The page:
Formerly posting as "littleblackdog"
Martha, Allen, & Blackjack
2006 Chevy 3500 D/A LB SRW, RVND 7710
2008 Titanium 30E35SA; EZ-Lube axles; wet bolts; spring hanger gussetts; BFG Commercial TAs
"Real Trucks Don't Have Sparkplugs"
Every trailer's inside wheels will track inside the inside rear wheels of the TV. So the turning radius of the Trailer has no real effect on the turning radius of the pair other than clearance of the 5th wheel with a short bed truck.
On edit: I should clarify. The outside turning radius of a combo TV and trailer/5th wheel is determined by the TV not the trailer/5th wheel.
The inside is different. The inside will track inside the inside rear wheels of the TV. The inside radius will be dependent on the TV, type of trailer/5th wheel for hitch location and distance from the hitch pin (TT or 5th in bed) to the inside wheels on the trailer.
There wont be 1 number that fits all but there is likely a formula that could provide this information.
* This post was
edited 01/20/12 05:52am by wittmeba *
NRA Member & supporter of the 2nd amendment - over 5,000,000 strong
As far as planning ahead on where your going to tow a 40' 5er, I'd plan on staying on Interstates and secondary roads as much as possible, but I've had my 5er on some really curvy, "just barely" secondary roads in WV and all was well...(watch out more for overhead obstacles than not enough road...
I decided to take HWY 50 out of Clarksburg, WV instead of staying I-79 to I-68 and I got caught in some terrible hills and hairpin turns. I was in 1st gear a while climbing the side of the mountain because the road turned into a billy goat path and I was too far in to turn around and go back and there was no place to turn around. I got on one hwy and drove into the clouds and as I was exiting the other side it was a storm. I told my wife it wasn't fog that we were in the clouds and when hit the strom before coming out of it she couldn't believe it.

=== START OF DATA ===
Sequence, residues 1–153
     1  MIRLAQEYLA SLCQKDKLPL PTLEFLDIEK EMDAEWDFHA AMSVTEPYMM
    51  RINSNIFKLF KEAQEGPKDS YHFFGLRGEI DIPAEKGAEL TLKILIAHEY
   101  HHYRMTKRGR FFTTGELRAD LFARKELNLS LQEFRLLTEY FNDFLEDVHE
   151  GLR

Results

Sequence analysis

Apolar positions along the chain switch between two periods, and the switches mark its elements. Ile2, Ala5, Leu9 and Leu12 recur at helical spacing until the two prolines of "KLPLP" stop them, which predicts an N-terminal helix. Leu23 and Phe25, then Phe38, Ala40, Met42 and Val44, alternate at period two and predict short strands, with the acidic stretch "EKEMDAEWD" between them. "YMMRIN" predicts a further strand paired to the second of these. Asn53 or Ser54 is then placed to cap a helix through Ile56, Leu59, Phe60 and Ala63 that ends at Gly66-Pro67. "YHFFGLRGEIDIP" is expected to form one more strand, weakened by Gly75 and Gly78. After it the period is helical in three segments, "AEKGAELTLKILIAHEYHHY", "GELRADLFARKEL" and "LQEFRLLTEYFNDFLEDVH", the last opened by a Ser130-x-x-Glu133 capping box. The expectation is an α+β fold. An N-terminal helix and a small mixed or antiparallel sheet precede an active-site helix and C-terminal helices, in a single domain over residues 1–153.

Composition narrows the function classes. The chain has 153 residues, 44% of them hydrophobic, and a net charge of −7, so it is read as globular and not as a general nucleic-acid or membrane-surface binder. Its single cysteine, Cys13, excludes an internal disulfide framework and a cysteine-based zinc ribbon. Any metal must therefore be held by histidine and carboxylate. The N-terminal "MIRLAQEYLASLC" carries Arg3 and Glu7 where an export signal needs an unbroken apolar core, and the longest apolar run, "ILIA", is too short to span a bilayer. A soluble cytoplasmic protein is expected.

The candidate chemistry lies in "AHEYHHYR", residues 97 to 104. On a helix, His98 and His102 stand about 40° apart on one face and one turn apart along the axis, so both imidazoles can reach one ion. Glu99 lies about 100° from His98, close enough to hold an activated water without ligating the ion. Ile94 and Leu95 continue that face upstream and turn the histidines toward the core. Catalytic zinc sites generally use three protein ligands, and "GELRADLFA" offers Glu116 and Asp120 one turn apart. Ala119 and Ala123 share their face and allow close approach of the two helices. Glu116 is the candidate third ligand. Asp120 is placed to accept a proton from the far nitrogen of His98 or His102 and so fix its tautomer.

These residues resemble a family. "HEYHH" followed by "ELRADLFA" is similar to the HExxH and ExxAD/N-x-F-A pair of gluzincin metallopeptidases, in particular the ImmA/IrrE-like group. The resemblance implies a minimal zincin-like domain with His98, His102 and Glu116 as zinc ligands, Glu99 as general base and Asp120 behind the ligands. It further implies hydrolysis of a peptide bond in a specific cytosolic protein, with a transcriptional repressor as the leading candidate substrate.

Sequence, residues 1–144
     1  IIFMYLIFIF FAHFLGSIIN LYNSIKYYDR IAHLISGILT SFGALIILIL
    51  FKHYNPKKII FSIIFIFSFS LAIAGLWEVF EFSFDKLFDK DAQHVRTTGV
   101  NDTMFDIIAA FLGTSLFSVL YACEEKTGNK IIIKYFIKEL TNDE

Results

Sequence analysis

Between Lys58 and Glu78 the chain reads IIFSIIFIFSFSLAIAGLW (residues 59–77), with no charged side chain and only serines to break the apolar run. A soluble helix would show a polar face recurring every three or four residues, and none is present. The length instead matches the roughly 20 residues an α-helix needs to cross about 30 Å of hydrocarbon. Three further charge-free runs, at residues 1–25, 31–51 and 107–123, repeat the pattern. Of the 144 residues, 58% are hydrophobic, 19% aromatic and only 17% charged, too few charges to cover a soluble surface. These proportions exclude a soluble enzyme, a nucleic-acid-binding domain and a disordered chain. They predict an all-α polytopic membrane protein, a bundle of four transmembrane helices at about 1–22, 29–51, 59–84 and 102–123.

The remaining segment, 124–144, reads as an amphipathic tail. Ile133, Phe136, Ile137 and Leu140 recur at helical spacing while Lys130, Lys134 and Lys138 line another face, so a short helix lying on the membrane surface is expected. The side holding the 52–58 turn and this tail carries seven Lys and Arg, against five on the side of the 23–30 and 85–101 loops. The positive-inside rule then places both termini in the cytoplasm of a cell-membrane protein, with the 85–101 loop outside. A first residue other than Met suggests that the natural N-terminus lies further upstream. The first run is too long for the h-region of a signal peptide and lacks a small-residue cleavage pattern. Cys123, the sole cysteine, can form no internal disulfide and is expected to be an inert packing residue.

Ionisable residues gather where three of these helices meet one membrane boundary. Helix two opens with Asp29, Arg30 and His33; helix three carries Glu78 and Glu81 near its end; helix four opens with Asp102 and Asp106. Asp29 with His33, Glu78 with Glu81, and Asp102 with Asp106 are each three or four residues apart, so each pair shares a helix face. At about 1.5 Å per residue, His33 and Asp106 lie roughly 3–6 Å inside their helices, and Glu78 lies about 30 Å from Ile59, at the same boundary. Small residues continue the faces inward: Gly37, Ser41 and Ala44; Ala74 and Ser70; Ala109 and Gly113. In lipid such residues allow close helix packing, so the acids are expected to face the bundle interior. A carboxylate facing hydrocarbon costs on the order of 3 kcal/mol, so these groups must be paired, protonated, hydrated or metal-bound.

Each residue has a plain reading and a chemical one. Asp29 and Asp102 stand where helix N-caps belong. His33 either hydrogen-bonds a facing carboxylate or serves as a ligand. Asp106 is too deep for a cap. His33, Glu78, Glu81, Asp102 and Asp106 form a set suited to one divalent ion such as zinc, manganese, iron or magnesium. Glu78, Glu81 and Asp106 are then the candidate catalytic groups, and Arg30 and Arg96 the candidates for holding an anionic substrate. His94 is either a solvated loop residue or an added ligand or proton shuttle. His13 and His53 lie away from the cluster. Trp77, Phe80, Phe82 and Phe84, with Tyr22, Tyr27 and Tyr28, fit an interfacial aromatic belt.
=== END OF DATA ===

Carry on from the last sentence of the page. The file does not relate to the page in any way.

Anyhow my 5er can turn much tighter than my previous 32' TT. So I have to really watch the inside of the turn that I don't drag the 5er over something the truck cleared. The TT pretty much followed the truck so if the truck cleared it so would the TT but not so with the 5er.
Skip and Allworth offer some good points.
I have a chevy and a Dodge truck. Both are 140" wheelbase 4 door trucks. The Dodge has a much shorter turning radius and can make about any turn I start. Not so the chevy that requires making a 2-3 point turn to get around the same curve/cornor with the same trailer.
Even the tractor in the pic may have a wide or very short turning radius depending on the trucks steering geometry.
It takes practice and experience with your particular vehicle combo to know what the turning radius and swing will be.
"good judgment comes from experience, and a lot of that comes from bad judgment" ............ Will Rogers
'03 2500 QC Dodge/Cummins HO 3.73 6 speed manual Jacobs Westach
'97 Park Avanue 28' 5er 11200 two slides